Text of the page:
The Tragic Conflict: The Civil War and Reconstruction

By William B. Hesseltine | Go to book overview

15
With Sherman

George W. Pepper

Sherman's triumphal march to the sea is the most stupendous movement of this or any other age. Never, perhaps, did the name of any one of our great generals so widely and deeply stir the public mind. The wheels of commerce, hard to stay as the sun upon his march, stood still; the strifes of party, restless as the sea, and unmanageable as the winds, were calmed; people of all countries and tongues were drawn to one spot.

The spectacle was most inspiring, as the stream of the long, long procession came flowing out of the Gate City with their flags waving in the winds of Heaven, and swords and bayonets glistening in the sun. The splendid regiments of Slocum's column, moved as if on parade, with waving banners and strains of martial music. The whole programme comprised a magnificent pageant, beautiful to behold. The bronzed countenances of the men who carried muskets were suffused with one expression, and the thoughts and feelings were so much alike that it might be said the hearts of thousands were as the heart of one man.

The order for the expedition was issued on the 8th of November from Kingston, northwest from Atlanta, around which place the army was again concentrated. In this order Sherman says: "It is sufficient for you to know that it involves a departure from our present base, and a long and difficult march to a new one. All the chances of war have been considered and provided for as far as human sagacity can...."

Sherman, starting out from Atlanta with his army at this season of the year, is an event of the largest suggestiveness. He proposed, after gathering sufficient supplies at Atlanta, to abandon the railroad from Chattanooga to Atlanta, and start with a movable column on a winter tour of the Cotton States. Two of his army corps will be left at Chattanooga to watch Hood's movements, while the rest of the corps will cut loose from all lines of supply and push across the States of Georgia and the Carolinas. He will take with him such supplies as can be carried conveniently, and when these are exhausted, will live upon the country. Of his destination nothing is known.

GEORGE W. PEPPER, Personal Recollections of Sherman's Campaigns in Georgia and the Carolinas ( Zanesville, Ohio, 1866), Chs. xvii-xix.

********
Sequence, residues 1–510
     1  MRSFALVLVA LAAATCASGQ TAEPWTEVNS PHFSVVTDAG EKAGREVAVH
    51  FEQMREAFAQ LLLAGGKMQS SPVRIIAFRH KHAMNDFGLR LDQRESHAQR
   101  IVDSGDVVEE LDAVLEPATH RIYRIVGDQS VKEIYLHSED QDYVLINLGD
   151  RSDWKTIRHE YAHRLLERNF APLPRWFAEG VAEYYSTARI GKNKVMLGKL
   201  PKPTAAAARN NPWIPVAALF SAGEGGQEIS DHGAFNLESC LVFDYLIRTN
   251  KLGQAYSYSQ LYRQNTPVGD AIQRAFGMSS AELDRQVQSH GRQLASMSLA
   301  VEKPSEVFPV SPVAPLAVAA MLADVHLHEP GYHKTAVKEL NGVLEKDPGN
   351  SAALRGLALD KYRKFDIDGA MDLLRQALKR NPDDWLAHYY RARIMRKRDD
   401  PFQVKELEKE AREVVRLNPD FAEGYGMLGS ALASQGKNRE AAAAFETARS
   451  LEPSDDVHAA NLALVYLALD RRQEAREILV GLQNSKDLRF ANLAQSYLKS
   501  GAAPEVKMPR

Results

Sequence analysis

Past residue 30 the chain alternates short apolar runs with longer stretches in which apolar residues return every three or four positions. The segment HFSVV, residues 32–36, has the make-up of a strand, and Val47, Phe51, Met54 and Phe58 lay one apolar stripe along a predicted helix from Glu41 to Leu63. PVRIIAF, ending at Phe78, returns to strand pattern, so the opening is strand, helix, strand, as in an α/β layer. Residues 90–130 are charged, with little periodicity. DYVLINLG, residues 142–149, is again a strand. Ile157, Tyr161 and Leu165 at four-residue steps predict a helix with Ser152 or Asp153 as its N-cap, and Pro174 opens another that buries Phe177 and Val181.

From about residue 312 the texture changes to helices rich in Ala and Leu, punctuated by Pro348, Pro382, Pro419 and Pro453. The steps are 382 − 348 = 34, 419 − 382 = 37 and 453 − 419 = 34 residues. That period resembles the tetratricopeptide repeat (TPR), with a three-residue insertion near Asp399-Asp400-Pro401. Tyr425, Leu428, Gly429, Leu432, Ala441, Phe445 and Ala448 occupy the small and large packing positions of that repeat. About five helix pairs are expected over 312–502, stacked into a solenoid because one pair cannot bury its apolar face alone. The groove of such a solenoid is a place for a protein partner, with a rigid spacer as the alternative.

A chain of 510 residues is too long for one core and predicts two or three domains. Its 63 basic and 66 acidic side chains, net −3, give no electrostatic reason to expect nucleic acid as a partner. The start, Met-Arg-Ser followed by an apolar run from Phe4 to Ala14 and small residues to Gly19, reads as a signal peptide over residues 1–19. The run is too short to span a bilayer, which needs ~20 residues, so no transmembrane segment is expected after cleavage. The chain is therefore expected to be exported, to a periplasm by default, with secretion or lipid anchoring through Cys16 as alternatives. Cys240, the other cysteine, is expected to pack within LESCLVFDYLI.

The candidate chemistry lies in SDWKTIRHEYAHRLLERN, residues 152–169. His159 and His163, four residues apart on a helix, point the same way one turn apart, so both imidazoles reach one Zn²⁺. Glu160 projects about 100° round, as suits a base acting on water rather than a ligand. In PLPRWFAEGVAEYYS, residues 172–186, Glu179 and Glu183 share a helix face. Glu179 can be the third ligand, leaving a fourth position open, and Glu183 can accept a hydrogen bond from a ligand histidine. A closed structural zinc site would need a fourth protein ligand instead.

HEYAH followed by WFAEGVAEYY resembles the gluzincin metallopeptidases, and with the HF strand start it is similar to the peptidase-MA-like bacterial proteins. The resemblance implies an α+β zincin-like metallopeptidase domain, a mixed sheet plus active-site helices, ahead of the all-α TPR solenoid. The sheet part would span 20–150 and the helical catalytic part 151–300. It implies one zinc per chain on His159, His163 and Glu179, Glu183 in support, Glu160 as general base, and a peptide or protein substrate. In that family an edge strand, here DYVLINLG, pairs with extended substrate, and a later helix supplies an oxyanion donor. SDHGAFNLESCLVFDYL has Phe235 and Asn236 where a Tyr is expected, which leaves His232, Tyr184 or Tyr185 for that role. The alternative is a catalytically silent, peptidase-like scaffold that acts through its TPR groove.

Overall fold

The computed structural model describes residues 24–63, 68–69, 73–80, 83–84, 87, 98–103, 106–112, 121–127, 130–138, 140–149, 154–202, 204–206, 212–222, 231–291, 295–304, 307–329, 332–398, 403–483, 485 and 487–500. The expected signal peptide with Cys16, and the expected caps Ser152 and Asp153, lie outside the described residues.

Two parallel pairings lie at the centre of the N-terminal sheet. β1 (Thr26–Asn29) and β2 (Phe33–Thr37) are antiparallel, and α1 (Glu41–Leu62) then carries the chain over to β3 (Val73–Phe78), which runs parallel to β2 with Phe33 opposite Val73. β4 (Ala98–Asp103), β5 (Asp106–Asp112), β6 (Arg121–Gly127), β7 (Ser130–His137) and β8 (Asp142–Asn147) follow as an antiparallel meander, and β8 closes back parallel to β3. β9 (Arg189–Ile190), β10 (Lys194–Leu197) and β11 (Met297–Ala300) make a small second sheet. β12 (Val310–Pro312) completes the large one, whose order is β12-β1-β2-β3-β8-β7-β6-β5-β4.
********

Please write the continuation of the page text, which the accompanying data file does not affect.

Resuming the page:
-227-

Notes for this page

Add a new note
If you are trying to select text to create highlights or citations, remember that you must now click or tap on the first word, and then click or tap on the last word.
One moment ...
Default project is now your active project.
Project items

Items saved from this book

This book has been saved
Highlights (0)
Some of your highlights are legacy items.

Highlights saved before July 30, 2012 will not be displayed on their respective source pages.

You can easily re-create the highlights by opening the book page or article, selecting the text, and clicking “Highlight.”

Citations (0)
Some of your citations are legacy items.

Any citation created before July 30, 2012 will labeled as a “Cited page.” New citations will be saved as cited passages, pages or articles.

We also added the ability to view new citations from your projects or the book or article where you created them.

Notes (0)
Bookmarks (0)

You have no saved items from this book

Project items include:
  • Saved book/article
  • Highlights
  • Quotes/citations
  • Notes
  • Bookmarks
Notes
Cite this page

Cited page

Style
Citations are available only to our active members.
Sign up now to cite pages or passages in MLA, APA and Chicago citation styles.

(Einhorn, 1992, p. 25)

(Einhorn 25)

1

1. Lois J. Einhorn, Abraham Lincoln, the Orator: Penetrating the Lincoln Legend (Westport, CT: Greenwood Press, 1992), 25, http://www.questia.com/read/27419298.

Cited page

Bookmark this page
The Tragic Conflict: The Civil War and Reconstruction
Table of contents

Table of contents

Settings

Settings

Typeface
Text size Smaller Larger Reset View mode
Search within

Search within this book

Look up

Look up a word

  • Dictionary
  • Thesaurus
Please submit a word or phrase above.
Print this page

Print this page

Why can't I print more than one page at a time?

Full screen
/ 528

matching results for page

Cited passage

Style
Citations are available only to our active members.
Sign up now to cite pages or passages in MLA, APA and Chicago citation styles.

"Portraying himself as an honest, ordinary person helped Lincoln identify with his audiences." (Einhorn, 1992, p. 25).

"Portraying himself as an honest, ordinary person helped Lincoln identify with his audiences." (Einhorn 25)

"Portraying himself as an honest, ordinary person helped Lincoln identify with his audiences."1

1. Lois J. Einhorn, Abraham Lincoln, the Orator: Penetrating the Lincoln Legend (Westport, CT: Greenwood Press, 1992), 25, http://www.questia.com/read/27419298.

Cited passage

Welcome to the new Questia Reader

The Questia Reader has been updated to provide you with an even better online reading experience.  It is now 100% Responsive, which means you can read our books and articles on any sized device you wish.  All of your favorite tools like notes, highlights, and citations are still here, but the way you select text has been updated to be easier to use, especially on touchscreen devices.  Here's how:

1. Click or tap the first word you want to select.
2. Click or tap the last word you want to select.

OK, got it!

Thanks for trying Questia!

Please continue trying out our research tools, but please note, full functionality is available only to our active members.

Your work will be lost once you leave this Web page.

For full access in an ad-free environment, sign up now for a FREE, 1-day trial.

Already a member? Log in now.